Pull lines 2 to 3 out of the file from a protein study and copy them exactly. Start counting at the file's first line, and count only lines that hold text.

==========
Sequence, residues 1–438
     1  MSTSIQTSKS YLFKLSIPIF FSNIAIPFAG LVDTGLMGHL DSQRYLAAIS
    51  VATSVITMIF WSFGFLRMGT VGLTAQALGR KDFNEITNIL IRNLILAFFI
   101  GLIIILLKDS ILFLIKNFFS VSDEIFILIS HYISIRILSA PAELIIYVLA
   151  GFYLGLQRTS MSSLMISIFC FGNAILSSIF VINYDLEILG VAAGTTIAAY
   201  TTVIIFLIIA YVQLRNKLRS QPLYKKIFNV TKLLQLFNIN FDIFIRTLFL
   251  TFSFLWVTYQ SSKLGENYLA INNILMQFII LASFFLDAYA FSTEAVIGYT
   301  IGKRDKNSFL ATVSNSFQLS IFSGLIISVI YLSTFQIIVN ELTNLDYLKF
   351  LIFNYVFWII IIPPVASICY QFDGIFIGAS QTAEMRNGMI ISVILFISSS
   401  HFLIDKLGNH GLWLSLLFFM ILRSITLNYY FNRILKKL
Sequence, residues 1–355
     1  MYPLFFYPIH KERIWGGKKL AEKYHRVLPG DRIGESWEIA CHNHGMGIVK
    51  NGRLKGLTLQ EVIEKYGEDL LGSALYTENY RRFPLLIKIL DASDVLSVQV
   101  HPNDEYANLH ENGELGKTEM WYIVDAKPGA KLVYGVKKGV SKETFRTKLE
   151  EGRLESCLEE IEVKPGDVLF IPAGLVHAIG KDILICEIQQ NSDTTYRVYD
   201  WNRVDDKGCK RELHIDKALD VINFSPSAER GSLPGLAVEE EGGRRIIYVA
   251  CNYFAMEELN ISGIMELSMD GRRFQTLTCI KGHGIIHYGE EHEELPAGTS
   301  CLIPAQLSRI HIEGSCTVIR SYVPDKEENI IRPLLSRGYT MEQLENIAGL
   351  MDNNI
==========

     1  MSTSIQTSKS YLFKLSIPIF FSNIAIPFAG LVDTGLMGHL DSQRYLAAIS
    51  VATSVITMIF WSFGFLRMGT VGLTAQALGR KDFNEITNIL IRNLILAFFI